When inflammation goes wrong

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Helena Erlandsson Harris, professor of rheumatological inflammation research, is conducting research into the chemical signals in the body that initiate and increase an inflammation. The goal is to contribute to the development of new drugs that can help people with chronic or acute inflammation and give them better life quality.

Inflammation is the body's defence against various external threats, such as bacteria and viruses. But sometimes inflammation creates serious problems instead of solving them. This is the case with autoimmune diseases­ such as rheumatism, but also with completely different conditions, such as strokes. Helena Erlandsson Harris is researching into the mechanisms that control inflammation, and how these chemical processes can be attenuated to help patients. Above all she is interested in the protein HMGB1, a substance which the body uses as a chemical alarm signal.

"If we know how the signalling process takes place, we will also have good chances of intervening and breaking the vicious circle," she explains. "We are beginning to understand more and more. Among other things, we have recently discovered that HMGB1 occurs in three different structures or ‘tastes’. We are now particularly interested in how these are linked to different inflammatory events.”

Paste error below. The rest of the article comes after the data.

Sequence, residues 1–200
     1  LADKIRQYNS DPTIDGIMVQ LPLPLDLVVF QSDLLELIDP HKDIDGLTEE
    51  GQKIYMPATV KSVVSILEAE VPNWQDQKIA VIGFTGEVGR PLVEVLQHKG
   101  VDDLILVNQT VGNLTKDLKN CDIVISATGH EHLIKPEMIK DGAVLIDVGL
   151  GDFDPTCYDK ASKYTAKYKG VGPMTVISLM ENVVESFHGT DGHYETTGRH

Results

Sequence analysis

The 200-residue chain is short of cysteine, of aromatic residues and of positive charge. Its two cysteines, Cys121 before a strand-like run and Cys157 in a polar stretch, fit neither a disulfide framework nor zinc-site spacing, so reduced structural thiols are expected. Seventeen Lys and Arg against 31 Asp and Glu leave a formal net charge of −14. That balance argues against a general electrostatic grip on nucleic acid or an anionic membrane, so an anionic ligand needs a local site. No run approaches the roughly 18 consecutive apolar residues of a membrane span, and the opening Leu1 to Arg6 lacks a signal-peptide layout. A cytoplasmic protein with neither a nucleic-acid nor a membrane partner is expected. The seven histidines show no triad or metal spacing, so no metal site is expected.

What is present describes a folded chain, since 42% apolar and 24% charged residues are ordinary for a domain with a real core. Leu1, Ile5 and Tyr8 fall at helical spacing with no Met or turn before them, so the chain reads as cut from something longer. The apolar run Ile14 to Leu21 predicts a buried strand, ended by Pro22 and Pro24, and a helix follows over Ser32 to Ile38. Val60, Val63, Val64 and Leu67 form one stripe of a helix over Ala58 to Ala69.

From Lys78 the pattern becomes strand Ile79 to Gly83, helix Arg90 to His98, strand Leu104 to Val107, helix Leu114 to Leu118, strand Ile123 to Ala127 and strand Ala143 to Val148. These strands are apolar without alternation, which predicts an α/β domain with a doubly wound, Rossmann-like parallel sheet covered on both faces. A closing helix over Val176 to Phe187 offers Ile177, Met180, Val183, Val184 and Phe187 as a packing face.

Even though the research is concentrated on rheumatism, the results are relevant for the understanding and treatment of other diseases such as lupus, myositis, MS, and blood poisoning.

"We already have good studies that indicate the inhibition of HMGB1 could work as an effective treatment of both rheumatism and blood poisoning."

Helena Erlandsson Harris is also coordinator for the European research project Counterstroke, which aims to identify potential new drugs to reduce brain damage after strokes by inhibiting HMGB1. When a stroke occurs there is also detrimental inflammation that causes tissue damage in the body. The collaboration project includes four academic research groups in Sweden, England, Germany and Italy, as well as two research companies in Sweden and Italy.

Text: Anders Nilsson, first published in "Från Cell till Samhälle", 2014.